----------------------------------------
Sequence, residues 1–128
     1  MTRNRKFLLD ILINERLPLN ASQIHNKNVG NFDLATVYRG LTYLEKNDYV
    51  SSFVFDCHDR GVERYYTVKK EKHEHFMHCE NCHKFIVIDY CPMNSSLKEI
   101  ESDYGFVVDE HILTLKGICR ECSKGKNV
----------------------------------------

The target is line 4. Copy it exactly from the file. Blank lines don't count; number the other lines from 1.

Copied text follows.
   101  ESDYGFVVDE HILTLKGICR ECSKGKNV